FIT AN ELEC­TRONIC FITCENTREAN SPEEDOMETER CEN­TRE SPEEDOMETER

With clas­sic aes­thet­ics and mod­ern dig­i­tal work­ings, this new cen­tre speedo from Smiths is a fan­tas­tic up­grade.

Mini Magazine - - Mini Tech -

We can never help but get drawn in by the cool gad­gets and flash­ing lights of the dig­i­tal dash dis­plays and in­stru­ments at the shows. They can look per­fect in a mod­i­fied car, and can be es­pe­cially handy if you’re build­ing a non-ASeries Mini and need a higher rev range or more warning lamps. For a more orig­i­nal car, it’s tough to beat a Smiths cen­tre clock speedo though, as fit­ted from ’59 right through to the mid-‘80s on cer­tain mod­els. Not only do they suit the Mini’s ba­sic aes­thet­ics, they also in­clude an in­te­gral fuel gauge and all the es­sen­tial dash warning lights. It truly keeps things sim­ple.

Caer­bont Au­to­mo­tive In­stru­ments, the man­u­fac­turer of Smiths in­stru­ments, has re­cently launched a new dig­i­tal ver­sion of the clas­sic cen­tre clock, and it’s some­thing we were very ex­cited to get our hands on. This up­dated speedo is out­wardly very sim­i­lar, which is ideal, but in­ter­nally it’s far more ad­vanced. Turn the unit over and in­stead of bulb hold­ers, a volt­age reg­u­la­tor and a speedo ca­ble drive in­put from the in­dus­trial revo­lu­tion, there’s one sim­ple plug con­nec­tor on a bil­let alu­minium cas­ing. Per­fec­tion­ists will most def­i­nitely ap­prove, be­cause the rear is usu­ally vis­i­ble from un­der the bon­net, of­ten with a mass of un­tidy wiring and plas­tic cowl­ing. There’s also in­ter­nal LED light­ing, a dig­i­tal milome­ter and a choice of black or mag­no­lia faces in ei­ther 90mph and 130mph de­signs.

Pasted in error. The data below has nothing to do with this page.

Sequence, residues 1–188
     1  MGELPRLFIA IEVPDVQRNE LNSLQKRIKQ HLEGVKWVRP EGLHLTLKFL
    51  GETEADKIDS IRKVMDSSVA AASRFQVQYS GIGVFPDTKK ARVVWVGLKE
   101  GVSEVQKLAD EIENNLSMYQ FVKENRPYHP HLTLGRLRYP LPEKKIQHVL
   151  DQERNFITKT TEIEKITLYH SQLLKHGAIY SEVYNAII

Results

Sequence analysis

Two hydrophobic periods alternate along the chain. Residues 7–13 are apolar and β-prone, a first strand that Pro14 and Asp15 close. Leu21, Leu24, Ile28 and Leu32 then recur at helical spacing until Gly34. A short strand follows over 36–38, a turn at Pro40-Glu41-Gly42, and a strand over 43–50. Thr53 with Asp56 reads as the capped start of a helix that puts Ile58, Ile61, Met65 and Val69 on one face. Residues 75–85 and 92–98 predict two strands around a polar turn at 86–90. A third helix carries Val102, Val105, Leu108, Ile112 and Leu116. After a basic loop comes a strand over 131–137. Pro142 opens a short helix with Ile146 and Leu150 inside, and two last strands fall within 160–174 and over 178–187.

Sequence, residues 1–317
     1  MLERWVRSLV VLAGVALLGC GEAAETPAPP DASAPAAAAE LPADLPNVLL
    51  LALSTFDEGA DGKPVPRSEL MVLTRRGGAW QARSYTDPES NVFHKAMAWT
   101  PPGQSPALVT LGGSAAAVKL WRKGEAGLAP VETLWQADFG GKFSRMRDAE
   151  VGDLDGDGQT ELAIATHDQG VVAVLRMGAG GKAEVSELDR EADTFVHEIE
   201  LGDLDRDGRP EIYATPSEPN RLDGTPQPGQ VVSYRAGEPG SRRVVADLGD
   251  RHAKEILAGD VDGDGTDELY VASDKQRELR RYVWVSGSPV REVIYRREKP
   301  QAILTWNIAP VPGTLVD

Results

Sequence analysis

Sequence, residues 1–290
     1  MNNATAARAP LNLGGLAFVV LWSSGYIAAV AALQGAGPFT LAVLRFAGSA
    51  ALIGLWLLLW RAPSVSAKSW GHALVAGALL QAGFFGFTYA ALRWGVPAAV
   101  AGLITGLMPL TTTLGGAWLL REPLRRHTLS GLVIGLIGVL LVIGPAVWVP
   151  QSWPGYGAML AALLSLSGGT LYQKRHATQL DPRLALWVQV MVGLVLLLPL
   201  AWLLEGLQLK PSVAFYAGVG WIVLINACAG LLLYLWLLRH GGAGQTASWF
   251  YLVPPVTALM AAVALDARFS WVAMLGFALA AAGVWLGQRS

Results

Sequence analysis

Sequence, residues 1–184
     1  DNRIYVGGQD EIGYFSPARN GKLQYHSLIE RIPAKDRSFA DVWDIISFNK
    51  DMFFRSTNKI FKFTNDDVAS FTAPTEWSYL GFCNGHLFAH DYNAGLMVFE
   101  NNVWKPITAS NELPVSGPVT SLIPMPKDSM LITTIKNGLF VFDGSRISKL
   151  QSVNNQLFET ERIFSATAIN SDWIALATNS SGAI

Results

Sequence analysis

But away from the aes­thet­ics, the main ad­van­tage is that you can ditch the me­chan­i­cal speedo ca­ble and run a dig­i­tal speed sender in­stead, there­fore you can also re­po­si­tion the unit more eas­ily. Dig­i­tal Speedos of­fers three dif­fer­ent op­tions for a Mini speed sen­sor – a speedo drive dig­i­tal adapter (£29.95), a mag­netic type for drive­shaft mount­ing (£24.95), and a GPS re­cep­tor (£69.95).

The Mini-spe­cific dig­i­tal adapter is the clos­est to a di­rect re­place­ment, although ac­cess is in­cred­i­bly tricky, as you’ll prob­a­bly know if you’ve ever had to fit a new speedo ca­ble. The mag­netic sen­sor may take a bit of mount­ing in­ge­nu­ity, whereas the GPS sen­sor is the sim­plest so­lu­tion of all. With the GPS op­tion the read­ing is ir­rel­e­vant of wheel speed, func­tion­ing like a sat nav, al­beit much faster at 10Hz verses 1Hz. Of course the sig­nal will cut out in longer tun­nels, which could be an is­sue on Euro road trips. It is road le­gal and will pass an MoT but not an IVA test. Ul­ti­mately the best choice de­pends on your DIY skills/pa­tience and car us­age.

A re­place­ment 130mph speedo costs around £175 new and 90mph op­tions are only avail­able sec­ond hand. This unit is £349.95 from Dig­i­tal Speedos and other Mini spe­cial­ists, plus the cost of the speed sen­sor. It’s just over twice the price, for the huge leap for­ward in both func­tion­al­ity and de­sign, so these are sure to be very pop­u­lar. Here’s how it fits…

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